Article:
Students Finding Meaningful Careers
To serve a growing need, one role I serve in is as career counselor rather than a doctor. More and more students come to me and ask for structured help with career guidance. I realize that most career counseling tools are somewhat superficial in nature, kind of like a lab report you might get if you get your cholesterol checked. Meanwhile, over the years I have applied my advanced behavioral science training to helping people find careers that truly match with their unique combination of motivations, needs, natural aptitudes, interests, passions, personality tendecies, and life goals. We develop a vocational profile that can serve them for the rest of their life, no matter what point they are at in their professional life. This is a disciplined in-depth process that helps people turn themselves “inside out”.
Using standard tools complemented by more in-depth techniques, the result of this process is two-fold: 1) People identify several occupational matches with a high “goodness of fit” matching key characteristics of their personality/vocational profile, and 2) People more realistically understand what personality tendencies they may need to correct or strengthen no matter what profession they eventually choose. For example, we may determine one option is they could be a veteriniarian, but we find they may have some social anxiety. Heading this off can prepare them to have a much more enjoyable and successful daily existence.
Through over a decade of working with high school and college students, I have found very few students use a thoughtful and disciplined process to finding a meaningful career. That is probably the major reason why people on average switch careers 5-6 times these days. This lack of a rigorous approach to career discovery is also a likely reason why the first 3-5 years after college or high school are the most stressful students have ever experienced up to that time. These young people wander around in a fog because they still have no firm sense of themselves or occupations that would truly fit their personality.
Instead of using a systematic approach to finding a meaningful career, students often use the painful process of “trial and error”. For college graduates, this means working at a string of jobs that they hope will eventually lead them to the right job. They may have some sense of who they are and what they like, but they have never gone through a truly thoughtful process where they gain a broad and deep understanding of their natural aptitudes/preferences/personality traits and derailers.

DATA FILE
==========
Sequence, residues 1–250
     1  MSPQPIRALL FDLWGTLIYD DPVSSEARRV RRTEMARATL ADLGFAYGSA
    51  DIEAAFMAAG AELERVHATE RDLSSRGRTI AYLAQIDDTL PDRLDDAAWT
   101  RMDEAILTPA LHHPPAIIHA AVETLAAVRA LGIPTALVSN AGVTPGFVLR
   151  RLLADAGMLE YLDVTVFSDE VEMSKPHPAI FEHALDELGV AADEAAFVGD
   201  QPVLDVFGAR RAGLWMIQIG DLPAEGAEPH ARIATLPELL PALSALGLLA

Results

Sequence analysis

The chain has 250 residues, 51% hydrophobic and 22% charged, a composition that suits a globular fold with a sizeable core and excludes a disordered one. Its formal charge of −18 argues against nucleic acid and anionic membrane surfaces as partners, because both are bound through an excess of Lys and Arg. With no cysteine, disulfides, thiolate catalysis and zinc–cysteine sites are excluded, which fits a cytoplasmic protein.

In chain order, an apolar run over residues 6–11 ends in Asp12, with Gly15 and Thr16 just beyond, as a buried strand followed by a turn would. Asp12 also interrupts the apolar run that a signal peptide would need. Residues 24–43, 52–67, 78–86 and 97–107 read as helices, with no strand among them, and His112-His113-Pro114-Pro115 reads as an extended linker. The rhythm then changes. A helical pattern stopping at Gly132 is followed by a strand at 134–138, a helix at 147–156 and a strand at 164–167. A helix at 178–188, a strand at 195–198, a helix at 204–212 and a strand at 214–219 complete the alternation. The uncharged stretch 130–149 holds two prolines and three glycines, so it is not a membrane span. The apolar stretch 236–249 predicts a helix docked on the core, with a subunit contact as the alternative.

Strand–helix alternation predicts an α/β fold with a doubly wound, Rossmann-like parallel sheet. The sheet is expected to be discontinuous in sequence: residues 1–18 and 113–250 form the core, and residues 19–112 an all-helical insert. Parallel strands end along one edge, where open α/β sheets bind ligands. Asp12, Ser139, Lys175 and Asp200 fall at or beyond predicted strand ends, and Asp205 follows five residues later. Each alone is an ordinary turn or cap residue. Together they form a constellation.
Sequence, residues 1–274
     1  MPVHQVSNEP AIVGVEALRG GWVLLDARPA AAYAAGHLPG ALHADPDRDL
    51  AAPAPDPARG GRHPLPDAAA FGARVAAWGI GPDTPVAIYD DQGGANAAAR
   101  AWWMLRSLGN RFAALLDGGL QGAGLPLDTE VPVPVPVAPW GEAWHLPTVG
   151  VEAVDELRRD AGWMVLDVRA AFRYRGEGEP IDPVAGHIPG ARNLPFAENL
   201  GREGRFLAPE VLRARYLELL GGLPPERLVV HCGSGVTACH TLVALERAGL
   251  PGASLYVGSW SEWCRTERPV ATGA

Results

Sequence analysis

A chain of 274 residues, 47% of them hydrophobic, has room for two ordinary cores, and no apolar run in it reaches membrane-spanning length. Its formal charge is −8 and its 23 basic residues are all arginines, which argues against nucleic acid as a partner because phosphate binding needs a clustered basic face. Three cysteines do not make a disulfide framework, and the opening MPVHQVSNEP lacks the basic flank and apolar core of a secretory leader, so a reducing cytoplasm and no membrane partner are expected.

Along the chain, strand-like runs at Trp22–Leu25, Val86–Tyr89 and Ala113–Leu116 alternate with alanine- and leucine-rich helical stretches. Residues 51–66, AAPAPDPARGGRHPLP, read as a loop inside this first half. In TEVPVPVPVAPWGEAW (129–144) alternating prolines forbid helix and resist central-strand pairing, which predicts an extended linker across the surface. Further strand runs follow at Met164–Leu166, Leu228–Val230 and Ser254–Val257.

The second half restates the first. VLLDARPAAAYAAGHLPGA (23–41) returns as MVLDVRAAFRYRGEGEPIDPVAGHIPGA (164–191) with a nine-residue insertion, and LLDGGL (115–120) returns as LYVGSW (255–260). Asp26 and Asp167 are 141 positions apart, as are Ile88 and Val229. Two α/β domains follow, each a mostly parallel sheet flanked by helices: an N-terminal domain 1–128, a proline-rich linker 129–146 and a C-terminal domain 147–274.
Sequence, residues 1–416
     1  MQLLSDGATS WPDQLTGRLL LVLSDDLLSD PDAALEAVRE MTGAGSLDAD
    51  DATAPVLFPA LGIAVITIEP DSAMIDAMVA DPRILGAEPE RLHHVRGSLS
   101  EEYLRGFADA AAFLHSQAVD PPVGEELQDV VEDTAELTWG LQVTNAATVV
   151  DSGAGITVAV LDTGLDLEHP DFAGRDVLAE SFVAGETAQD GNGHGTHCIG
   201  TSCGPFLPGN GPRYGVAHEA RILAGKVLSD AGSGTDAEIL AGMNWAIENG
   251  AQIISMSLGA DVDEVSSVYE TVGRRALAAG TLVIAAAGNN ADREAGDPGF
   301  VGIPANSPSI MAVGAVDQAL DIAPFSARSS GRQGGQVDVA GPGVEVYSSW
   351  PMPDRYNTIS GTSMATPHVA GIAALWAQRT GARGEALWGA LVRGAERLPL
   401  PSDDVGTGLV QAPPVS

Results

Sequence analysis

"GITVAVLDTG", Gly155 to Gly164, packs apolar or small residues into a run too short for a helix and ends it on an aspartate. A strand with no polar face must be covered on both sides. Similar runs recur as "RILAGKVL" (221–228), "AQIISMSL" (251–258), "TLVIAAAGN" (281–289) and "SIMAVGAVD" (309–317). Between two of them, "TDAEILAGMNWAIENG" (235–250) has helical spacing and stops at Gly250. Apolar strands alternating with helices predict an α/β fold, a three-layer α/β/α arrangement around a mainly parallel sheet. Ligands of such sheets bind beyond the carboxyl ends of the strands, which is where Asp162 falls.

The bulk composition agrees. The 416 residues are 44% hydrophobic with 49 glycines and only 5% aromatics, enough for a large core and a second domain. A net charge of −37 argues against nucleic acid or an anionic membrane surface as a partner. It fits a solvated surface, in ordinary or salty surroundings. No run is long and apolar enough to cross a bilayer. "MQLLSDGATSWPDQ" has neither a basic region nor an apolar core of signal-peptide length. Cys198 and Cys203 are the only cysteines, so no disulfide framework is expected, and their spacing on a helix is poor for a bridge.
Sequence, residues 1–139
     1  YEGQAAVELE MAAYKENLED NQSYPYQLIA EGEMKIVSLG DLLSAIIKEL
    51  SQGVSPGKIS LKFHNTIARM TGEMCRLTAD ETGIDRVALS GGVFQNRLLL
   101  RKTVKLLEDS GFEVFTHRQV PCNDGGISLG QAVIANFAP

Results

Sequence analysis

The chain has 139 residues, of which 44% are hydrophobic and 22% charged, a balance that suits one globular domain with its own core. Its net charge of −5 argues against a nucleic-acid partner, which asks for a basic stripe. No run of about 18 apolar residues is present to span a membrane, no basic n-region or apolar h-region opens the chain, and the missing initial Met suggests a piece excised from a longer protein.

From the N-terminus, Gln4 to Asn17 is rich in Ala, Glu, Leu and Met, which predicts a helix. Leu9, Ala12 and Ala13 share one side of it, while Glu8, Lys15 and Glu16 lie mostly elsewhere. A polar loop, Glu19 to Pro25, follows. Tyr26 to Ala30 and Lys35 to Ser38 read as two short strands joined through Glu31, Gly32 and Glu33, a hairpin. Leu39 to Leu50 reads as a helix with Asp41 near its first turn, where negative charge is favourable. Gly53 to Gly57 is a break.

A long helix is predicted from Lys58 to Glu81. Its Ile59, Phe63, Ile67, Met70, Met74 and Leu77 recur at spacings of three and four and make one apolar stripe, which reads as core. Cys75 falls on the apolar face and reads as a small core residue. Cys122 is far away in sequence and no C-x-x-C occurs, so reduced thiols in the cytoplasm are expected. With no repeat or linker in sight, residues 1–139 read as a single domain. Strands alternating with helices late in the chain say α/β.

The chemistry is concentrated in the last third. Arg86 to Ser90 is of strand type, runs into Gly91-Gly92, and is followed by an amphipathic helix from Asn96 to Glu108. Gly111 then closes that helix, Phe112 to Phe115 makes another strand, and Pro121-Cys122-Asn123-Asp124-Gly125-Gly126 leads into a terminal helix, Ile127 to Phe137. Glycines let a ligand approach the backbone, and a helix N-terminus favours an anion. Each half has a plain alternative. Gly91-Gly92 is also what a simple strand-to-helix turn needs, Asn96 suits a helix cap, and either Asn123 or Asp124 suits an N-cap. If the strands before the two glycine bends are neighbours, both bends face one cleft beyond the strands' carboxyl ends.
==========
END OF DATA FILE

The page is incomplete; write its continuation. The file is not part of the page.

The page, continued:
Using this sort of process is sort of like thinking “if I find enough jobs that do not work, I will eventually find the job that does work”. The problem is there are 1,000′s of jobs, and students could avoid the pain, money, stress, and lost time of the “trail and error approach” if they worked with someone who could help them do two things efficiently
1) Systematically eliminate large sectors of the work force quickly
2) Help them see their personality profile more clearly so they can recognize what their interests, apititudes, deepest passions, needs, and skills are now. I call my process “Personality Career Fit” or “PCF”.
PCF objectively assesses interests (what someone has natural interests in), passions (what someone is most deeply passionate about), skills (what someone is already skilled with), and goals (what someone’s ultimate life goals are in terms of money, values, etc). We also integrate in a person’s thoughts about what they want to be able to say about themselves by the end of their life. I call this the Professional Obituary.
You would be surprised at how mazture young people get when asked these deeper questions. Through the PCF process, we arrive at 3-5 occupations that have high “goodness of fit” and then the student uses college classes or life experience, informational interviews, volunteering, and shadowing to further hone this list.
With the PCF method, college classes are strtegically used to either confirm an interest or eliminate certain career options. College becomes a ramp-up to a career, and this is the way it is meant to be. Rather than college being a time of choosing a major because a friend has that major, or because one has a vague interest in some area, college is used as a place to systematically find a career.
Think of the money saved and the agony avoided if by the end of college a student has chosen a field, or at least has narrowed down their list in a mature and sound manner using the science of personality and aptitude assessment.
Many young or mid-career professionals have also benefitted from this process as well. This is one of the most enjoyable aspects of my work as a professional. There is nothing more gratifying than knowing I helped someone find a meaningful career. We gain so much self esteem and meaning from the work we do. Finding out what work may fit our personalities best is worth investment because if we find the right career, it is not just a job, but a lifelong vocation. That is priceless!